I could announce to my family that our taxi has arrived for our trip to the railway station.
It would also be valid for me to state that an intricate contraption made of metal, rubber and plastic, with 4 wheels, a roof and a window, operated by a contractor, has arrived to pick us up and drop us at a place where trains arrive and depart on a schedule. Of course, I could then go on to describe what a train is.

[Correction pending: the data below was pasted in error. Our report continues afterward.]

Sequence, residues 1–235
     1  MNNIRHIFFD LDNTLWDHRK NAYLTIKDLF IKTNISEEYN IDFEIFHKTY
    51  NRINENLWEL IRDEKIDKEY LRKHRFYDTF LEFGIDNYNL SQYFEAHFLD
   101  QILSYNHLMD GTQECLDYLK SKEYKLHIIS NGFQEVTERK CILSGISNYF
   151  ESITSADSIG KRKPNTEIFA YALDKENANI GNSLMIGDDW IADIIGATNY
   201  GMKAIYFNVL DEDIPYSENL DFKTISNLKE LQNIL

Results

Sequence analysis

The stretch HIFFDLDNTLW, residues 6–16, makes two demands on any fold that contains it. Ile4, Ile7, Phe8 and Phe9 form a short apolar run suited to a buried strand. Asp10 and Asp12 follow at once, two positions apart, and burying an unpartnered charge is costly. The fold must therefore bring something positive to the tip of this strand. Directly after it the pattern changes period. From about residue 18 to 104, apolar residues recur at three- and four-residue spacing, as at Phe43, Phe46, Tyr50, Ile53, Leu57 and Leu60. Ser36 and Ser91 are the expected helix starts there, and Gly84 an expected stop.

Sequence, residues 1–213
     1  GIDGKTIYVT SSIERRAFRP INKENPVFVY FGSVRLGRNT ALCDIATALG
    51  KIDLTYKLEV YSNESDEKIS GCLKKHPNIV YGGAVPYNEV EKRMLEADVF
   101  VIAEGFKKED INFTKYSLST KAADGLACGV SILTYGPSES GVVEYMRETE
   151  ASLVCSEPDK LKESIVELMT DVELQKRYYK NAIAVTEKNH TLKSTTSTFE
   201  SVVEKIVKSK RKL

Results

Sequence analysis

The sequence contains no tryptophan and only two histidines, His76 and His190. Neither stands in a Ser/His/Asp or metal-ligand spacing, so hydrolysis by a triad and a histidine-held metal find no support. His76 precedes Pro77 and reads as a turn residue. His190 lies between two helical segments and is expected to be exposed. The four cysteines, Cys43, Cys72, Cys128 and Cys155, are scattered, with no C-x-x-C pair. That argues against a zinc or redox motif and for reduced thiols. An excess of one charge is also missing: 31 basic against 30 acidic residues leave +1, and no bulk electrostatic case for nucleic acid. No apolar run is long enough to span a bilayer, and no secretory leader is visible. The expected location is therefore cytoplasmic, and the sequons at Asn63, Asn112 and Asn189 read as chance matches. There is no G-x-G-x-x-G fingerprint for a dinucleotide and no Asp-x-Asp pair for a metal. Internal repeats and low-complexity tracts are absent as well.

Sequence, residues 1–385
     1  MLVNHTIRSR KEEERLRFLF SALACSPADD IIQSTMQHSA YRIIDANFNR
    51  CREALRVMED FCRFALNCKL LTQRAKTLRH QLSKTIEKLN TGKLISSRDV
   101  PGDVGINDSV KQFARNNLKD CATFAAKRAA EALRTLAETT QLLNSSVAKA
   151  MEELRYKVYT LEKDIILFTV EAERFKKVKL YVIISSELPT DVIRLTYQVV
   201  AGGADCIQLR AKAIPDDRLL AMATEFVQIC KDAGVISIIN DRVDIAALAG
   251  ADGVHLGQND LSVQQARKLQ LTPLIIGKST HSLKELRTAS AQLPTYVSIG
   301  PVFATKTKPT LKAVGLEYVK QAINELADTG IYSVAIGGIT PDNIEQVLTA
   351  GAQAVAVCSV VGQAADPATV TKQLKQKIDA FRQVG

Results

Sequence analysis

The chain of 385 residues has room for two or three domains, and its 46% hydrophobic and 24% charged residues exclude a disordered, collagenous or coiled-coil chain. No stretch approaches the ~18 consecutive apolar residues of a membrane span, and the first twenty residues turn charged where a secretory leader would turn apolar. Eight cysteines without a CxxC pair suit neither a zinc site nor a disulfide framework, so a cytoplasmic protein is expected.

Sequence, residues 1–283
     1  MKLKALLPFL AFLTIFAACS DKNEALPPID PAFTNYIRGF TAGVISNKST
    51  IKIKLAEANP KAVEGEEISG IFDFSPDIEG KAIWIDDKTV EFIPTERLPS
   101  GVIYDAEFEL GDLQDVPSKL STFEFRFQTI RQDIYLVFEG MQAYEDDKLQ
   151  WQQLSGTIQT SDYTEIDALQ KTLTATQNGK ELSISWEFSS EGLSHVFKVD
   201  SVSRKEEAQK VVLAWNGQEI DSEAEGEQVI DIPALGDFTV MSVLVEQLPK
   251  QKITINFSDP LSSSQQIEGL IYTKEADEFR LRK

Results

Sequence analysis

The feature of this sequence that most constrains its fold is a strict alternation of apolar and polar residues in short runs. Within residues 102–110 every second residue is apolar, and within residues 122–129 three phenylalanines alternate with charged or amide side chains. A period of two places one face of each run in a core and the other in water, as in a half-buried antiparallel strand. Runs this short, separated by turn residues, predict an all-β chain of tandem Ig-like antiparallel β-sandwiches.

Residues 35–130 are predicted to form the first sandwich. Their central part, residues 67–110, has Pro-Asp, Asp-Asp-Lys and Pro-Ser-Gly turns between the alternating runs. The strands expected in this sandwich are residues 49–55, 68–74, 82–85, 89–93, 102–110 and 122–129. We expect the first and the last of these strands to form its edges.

There are infinite ways to communicate the arrival of a taxi. Yet, since everybody knows about taxis and railway stations, the optimal way to do this is in a short, crisp sentence. All other details are distractions.
Communicating the arrival of a taxi is trivial. Yet, we are all to prone to forget that effective communication is all about finding the right level of abstraction for a certain audience.